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Newport Beach nixes old Pine Knot Motel from locations it’s looking at for a temporary homeless shelter

Using the old Pine Knot Motel on West Coast Highway for a temporary shelter was quickly scrapped by the Newport Beach City Council on Wednesday, Sept 4, during a special meeting on possible locations for housing homeless people.

Converting the old motel would require a lengthy review by the Coastal Commission, so council members agreed unanimously it wasn’t suitable for further consideration.



Instead, the city is starting negotiations for 4200 Campus Drive, where there is now an Avis rental car lot near John Wayne Airport, for uses as a temporary shelter. And its looking at its own municipal yard at 592 Superior Ave.  The council also chose to not to go forward with negotiations for a warehouse at 825 W. 16th St.

“There are no perfect sites,” City Manager Grace Leung said. “There are issues at every single site to consider. This is the start of a discussion from a process point-of-view.”

Like several other Orange County cities, Newport Beach is grappling with a growing homeless population. People have gathered along the piers and at the Orange County Transportation Center near Fashion Island – “hot spots” the Newport Beach Police Department is now monitoring.

City leaders told residents because of a recent federal judge’s ruling, the city can’t break up encampments or enforce no-camping laws unless there is a suitable alternative to staying on the streets, such as a temporary shelter.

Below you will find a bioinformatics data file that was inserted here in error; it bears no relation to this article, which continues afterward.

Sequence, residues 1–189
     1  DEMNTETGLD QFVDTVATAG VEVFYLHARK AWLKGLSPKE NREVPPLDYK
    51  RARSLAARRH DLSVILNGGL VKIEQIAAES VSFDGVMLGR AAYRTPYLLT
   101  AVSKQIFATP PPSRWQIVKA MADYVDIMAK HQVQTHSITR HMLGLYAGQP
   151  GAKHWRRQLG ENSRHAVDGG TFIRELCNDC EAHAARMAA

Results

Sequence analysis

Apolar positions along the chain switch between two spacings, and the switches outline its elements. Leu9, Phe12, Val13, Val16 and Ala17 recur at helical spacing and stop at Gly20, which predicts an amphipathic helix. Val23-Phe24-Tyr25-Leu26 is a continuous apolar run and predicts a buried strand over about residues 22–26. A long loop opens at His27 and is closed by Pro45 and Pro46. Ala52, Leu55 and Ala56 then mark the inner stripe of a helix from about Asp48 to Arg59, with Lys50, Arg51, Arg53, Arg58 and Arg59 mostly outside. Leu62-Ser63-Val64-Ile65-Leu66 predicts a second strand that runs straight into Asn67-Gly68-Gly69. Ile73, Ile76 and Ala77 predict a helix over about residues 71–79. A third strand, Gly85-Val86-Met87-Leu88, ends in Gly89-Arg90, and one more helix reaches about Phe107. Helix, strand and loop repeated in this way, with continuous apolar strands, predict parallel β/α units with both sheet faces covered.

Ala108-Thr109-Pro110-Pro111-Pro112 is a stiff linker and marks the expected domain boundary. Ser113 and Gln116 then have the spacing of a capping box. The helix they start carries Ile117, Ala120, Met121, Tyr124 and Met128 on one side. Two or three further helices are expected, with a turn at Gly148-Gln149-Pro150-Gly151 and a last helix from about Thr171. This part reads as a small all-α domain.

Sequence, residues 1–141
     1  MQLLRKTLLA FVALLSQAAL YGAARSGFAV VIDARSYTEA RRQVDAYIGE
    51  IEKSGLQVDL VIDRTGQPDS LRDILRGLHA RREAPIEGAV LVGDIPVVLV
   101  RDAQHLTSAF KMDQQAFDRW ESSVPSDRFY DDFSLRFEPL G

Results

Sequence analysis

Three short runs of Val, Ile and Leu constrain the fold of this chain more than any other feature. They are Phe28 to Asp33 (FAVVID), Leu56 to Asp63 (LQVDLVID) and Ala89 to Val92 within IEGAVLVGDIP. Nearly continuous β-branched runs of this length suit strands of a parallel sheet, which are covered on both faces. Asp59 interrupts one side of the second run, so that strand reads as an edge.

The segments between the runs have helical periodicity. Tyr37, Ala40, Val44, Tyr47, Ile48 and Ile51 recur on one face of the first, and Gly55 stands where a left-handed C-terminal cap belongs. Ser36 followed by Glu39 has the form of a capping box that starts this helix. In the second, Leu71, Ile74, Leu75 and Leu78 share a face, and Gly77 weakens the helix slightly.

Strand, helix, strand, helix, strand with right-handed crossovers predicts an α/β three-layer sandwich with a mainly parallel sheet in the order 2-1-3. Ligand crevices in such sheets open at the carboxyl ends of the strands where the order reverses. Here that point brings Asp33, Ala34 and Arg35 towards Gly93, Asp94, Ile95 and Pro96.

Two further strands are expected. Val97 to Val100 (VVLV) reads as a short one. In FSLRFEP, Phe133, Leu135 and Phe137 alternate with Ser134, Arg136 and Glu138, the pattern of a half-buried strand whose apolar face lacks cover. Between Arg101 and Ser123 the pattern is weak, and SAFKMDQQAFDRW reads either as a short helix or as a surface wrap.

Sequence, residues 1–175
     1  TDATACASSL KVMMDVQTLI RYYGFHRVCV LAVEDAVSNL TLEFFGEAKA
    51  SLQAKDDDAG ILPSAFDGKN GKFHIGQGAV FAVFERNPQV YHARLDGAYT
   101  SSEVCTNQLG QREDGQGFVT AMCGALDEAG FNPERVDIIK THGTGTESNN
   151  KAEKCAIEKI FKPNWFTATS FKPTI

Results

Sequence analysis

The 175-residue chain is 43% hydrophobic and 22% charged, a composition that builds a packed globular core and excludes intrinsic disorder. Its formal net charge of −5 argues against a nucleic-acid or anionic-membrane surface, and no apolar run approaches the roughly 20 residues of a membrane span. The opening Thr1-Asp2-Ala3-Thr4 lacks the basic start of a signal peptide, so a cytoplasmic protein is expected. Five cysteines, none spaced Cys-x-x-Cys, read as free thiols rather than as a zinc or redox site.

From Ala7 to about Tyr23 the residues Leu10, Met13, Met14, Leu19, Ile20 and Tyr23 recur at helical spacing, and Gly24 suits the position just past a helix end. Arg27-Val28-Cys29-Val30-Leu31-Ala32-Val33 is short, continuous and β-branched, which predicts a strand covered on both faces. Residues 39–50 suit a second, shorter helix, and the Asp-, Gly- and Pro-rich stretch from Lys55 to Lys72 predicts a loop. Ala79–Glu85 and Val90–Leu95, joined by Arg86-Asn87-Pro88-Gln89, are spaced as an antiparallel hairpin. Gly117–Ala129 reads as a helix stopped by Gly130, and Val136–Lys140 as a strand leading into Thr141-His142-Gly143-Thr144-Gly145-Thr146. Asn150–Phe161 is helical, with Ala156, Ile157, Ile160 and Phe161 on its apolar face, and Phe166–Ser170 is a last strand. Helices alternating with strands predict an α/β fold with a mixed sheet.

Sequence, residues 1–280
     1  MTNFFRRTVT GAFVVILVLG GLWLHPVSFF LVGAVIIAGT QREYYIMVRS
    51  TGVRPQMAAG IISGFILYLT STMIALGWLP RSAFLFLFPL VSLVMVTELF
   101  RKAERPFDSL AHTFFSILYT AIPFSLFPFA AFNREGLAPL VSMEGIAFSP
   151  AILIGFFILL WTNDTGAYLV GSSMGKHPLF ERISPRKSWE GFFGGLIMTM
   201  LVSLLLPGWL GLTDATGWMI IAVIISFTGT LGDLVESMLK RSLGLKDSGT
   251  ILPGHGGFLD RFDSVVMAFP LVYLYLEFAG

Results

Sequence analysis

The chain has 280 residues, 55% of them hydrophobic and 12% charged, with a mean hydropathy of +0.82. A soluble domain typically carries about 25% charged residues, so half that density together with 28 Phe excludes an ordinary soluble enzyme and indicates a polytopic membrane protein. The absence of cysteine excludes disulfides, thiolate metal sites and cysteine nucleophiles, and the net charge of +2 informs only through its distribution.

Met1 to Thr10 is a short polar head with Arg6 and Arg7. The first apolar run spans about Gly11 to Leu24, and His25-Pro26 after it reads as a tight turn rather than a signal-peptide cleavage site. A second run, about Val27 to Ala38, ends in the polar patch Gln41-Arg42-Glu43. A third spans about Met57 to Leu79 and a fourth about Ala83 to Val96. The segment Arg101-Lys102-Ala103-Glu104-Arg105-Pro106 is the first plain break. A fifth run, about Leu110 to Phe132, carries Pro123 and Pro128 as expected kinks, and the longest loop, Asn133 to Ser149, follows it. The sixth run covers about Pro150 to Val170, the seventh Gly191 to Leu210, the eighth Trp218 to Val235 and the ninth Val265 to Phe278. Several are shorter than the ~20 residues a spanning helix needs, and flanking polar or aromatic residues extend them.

Residents packed the Sept. 4 meeting – and an overflow room – with dozens lining up to voice concerns over the homeless issue and shelter locations the council was considering. Some suggested partnering with nearby cities that already have temporary shelters up and running, such as Costa Mesa. City leaders said a collaboration is definitely on the table.

“I pay $10,000 in taxes,” resident Monique Christensen said. “I choose not to let that go to the homeless. I resent that they’re robbing and burglarizing us. I’ve seen fighting in the women’s restroom in the library. There was a hole punched into the wall in the handicap restroom. Who will pay for that? They are not residents of Newport Beach. There is no constitutional right to have a shelter or roof over your head.”

Bill Ashmore asked Leung why the city was so behind the ball on addressing the growing issue. “It’s embarrassing – I’m a Newport Beach resident – that I have to get in front of you. This is a bad job. Now, we have to tell you what needs to be done.”

Several parents who have children at schools near the 16th Street site initially considered were concerned adding a homeless shelter a half-mile away would pose a risk. Several people representing restaurants and hotels near the airport were concerned about the Campus Drive location, saying a homeless shelter isn’t the first thing arriving passengers should see when they come to Newport Beach.

“We understand there is no perfect shelter site,” Leung said.

She also said city officials are “in full conversation in partnering with other cities.”

Leung said Newport Beach has taken several steps, such as creating a Homeless Task Force and committing $1 million over five years to a contractor who will assist with street outreach and case management services. Hoag Hospital also will contribute $3 million over 10 years toward the homeless shelter as a condition of the hospitals’ development agreement.

Newport Beach Police Department has a full-time homeless liaison.  Through City Net, a local nonprofit, 182 homeless people have been contacted since April and 10 are in housing, Leung said. “We know we have chronic homeless that are service resistant.”

Source: Orange County Register

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